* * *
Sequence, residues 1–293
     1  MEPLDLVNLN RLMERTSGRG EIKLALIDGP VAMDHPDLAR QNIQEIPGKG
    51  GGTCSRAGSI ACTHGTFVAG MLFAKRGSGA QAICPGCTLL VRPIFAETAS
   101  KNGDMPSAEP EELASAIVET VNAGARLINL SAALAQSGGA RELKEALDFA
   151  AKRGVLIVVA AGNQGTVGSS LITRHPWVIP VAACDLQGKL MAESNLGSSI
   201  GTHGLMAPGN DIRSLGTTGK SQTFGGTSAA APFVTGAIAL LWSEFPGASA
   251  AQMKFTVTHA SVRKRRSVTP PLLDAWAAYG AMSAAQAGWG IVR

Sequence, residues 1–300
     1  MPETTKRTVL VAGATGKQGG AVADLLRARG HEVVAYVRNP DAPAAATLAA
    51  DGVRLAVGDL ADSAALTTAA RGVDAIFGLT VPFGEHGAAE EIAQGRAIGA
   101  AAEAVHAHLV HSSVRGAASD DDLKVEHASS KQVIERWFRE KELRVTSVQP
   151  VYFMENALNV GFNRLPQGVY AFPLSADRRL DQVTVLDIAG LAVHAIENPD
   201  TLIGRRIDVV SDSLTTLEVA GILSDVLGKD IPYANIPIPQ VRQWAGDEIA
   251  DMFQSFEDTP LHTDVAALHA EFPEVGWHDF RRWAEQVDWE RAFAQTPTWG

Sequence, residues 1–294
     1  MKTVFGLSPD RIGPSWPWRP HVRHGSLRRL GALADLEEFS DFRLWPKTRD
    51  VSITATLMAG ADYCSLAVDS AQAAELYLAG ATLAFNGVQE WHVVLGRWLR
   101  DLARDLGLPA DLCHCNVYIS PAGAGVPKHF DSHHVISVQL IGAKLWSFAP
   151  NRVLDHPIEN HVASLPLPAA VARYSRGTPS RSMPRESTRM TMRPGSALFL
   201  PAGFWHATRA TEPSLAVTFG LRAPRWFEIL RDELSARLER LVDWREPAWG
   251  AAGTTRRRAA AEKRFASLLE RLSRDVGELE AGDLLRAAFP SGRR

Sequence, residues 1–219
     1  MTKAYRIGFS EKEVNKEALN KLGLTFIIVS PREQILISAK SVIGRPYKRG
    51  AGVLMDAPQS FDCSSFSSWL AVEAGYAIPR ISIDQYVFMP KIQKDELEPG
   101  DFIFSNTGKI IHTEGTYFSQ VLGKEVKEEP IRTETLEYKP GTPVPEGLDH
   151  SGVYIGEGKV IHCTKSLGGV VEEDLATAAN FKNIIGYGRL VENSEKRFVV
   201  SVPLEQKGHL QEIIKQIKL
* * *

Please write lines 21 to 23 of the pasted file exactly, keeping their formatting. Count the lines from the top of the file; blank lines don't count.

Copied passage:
   251  AAGTTRRRAA AEKRFASLLE RLSRDVGELE AGDLLRAAFP SGRR

Sequence, residues 1–219
     1  MTKAYRIGFS EKEVNKEALN KLGLTFIIVS PREQILISAK SVIGRPYKRG